What we need is less of the rules that are imposed by the ruling class and their puppets in world governments, holding together their system of profit, which has only ever been for the benefit of the few, just one look at the Sunday Times rich list tells us that; the collective wealth of the country's 1,000 richest people rose by a staggering 30% last year and in the backwash of the worst economic crisis for many a decade to full upon the world workers, who create all wealth in the first place.

We need to not only ask ourselves, but all those around us, our families, our workmates and our friends, just one question; do you really think that voting for any of the Muppet's in the British general election will change a thing; and that will lead us to the next question what can we do about it?

A world for workers!
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Saturday, 24 April 2010

That’s why I’m not voting Labour!

When Tony Blair stood down some three years ago, one of the first places he came to visit, just to say thanks and goodbye was the London Borough of Newham. This was his and is still considered the flagship of Labour’s local controlled Authorities’.

Thatcher had Westminster and Dame Shirley Porter, so it was that Tony had Newham and Sir Robin Wales.
Just to refresh those yonder memories: Lady Porter, while leader of Westminster City Council managed the "Building Stable Communities" policy, later described as "homes for votes" scandal and was consequently accused of gerrymandering. The policy was judged illegal by the district auditor, and a surcharge of £27m levied on her in 1996. This was later raised to £42 million with interest and costs. She eventually settled in 2004, paying a full payment of £12.3 million.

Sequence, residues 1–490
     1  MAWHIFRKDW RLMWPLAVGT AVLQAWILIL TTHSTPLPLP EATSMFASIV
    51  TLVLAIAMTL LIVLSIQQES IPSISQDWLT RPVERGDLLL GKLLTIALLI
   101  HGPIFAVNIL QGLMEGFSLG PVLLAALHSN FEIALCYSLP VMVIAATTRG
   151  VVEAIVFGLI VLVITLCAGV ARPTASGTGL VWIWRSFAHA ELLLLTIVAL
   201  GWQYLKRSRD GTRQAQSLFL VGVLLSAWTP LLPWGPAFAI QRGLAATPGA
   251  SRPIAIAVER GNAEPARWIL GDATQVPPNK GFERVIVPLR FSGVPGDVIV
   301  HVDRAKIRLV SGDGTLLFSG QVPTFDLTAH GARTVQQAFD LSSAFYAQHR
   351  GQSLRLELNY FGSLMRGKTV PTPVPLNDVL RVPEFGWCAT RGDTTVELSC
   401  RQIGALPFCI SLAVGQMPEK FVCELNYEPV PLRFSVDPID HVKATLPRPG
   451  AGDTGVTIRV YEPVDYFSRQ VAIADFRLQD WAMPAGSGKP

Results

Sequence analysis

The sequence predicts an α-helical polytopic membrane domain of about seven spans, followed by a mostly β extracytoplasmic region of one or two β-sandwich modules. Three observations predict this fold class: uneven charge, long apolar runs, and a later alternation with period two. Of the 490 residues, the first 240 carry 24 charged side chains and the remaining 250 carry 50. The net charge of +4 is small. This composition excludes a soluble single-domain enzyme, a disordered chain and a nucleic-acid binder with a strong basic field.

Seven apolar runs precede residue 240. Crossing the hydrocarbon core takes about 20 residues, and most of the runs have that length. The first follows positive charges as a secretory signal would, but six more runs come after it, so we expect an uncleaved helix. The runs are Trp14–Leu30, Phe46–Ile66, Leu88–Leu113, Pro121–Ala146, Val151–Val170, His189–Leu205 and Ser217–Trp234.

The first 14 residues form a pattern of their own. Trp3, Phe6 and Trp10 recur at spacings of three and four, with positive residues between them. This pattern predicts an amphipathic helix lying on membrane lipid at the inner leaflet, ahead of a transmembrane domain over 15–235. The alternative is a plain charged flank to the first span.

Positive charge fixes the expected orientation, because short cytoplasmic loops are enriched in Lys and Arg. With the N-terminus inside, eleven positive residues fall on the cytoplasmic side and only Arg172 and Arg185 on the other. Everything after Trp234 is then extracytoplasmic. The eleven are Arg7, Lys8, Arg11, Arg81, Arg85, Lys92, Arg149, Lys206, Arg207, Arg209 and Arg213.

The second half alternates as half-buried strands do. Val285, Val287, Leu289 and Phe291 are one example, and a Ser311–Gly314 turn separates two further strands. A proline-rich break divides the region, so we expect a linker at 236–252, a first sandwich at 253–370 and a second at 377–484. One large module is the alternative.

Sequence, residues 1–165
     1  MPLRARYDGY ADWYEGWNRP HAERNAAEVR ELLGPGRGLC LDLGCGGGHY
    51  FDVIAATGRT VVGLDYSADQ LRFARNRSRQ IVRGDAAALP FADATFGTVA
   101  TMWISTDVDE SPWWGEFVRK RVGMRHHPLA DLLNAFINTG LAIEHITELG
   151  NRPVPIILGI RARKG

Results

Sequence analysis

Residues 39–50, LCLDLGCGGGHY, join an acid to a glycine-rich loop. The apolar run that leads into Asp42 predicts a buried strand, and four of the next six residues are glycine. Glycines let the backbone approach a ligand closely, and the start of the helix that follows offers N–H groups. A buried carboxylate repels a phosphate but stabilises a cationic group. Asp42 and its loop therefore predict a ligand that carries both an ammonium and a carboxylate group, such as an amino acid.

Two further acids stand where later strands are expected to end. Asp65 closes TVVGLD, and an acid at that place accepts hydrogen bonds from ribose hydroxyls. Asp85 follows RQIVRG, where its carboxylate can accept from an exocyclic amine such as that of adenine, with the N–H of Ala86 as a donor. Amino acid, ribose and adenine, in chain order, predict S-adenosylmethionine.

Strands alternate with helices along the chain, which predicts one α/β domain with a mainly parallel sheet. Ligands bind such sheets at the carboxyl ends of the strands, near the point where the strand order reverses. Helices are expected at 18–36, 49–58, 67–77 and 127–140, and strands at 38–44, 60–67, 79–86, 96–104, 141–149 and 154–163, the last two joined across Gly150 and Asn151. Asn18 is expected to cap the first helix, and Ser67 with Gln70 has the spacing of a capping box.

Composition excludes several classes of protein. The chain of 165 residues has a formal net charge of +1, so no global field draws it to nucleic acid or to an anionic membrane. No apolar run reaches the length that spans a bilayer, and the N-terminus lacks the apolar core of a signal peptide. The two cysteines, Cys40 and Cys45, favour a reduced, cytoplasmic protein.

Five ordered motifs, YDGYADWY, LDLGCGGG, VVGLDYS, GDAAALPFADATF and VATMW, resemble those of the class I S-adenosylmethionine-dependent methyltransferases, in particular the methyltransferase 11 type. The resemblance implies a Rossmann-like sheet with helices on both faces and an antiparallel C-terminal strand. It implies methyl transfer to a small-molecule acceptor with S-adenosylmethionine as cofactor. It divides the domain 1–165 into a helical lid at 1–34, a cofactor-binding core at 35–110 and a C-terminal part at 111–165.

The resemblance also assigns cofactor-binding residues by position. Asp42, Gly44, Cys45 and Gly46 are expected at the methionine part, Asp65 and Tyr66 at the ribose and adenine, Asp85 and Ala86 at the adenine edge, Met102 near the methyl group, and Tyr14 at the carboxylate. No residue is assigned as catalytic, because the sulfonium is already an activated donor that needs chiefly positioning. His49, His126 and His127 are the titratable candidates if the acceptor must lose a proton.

Now I’m not connoting that Sir Robin Wales is in anyway a bent or dishonourable politician, far from it, but then again what ‘Lucy in the sky with diamonds’ depends on what you mean by bent, I do suppose.

As I have already mentioned in other posts covering these elections, Londoners will be voting in both the general and their local government elections come May 6. So in a way you could say that this is an election ‘bonanza’ for us Londoners, and just like the famous red bus that you’re waiting for patiently; suddenly along come two or in this case three, so come Election Day here in Newham, we will have three votes, we will be electing an MP, a Full Council and a Mayor.

Now I’ve already covered in these selected constituency election reviews, the West Ham parliamentary seat held by Lyn Brown, so now I propose to have a brief look at the other Newham seat of East Ham held by Stephen Timms, and then move on to the re-election bid of Sir Robin and a look at his career.

I think that the first thing that I should say is that East Ham is currently held as I say by Stephen Creswell Timms, Member of Parliament since 1994. He is also the Vice-Chair of the Labour Party, with particular responsibility for faith groups. Timms is presently the Financial Secretary to the Treasury. It is Timms' third time in the post, having been Financial Secretary between 1999 and 2001, and again between 2004 and 2005. So I suppose you could say that Timms is Gordon’s man at the Treasury keeping an eye on Darling.

                                                        Stephen Timms

In August 2009, he was given extra responsibility for "Digital Britain" In September, 2009; he subsequently announced plans for a tax of £6 per year to be levied on each land phone account in the UK. At the time, this was broadly thought of as a stealth tax in the UK media. Whatever one would call it, it remains a good example of New Labour forcing us to layout the cash only to see internet provider’s benefit from the profits that will be extracted from us in the years to come; something wrong here I think.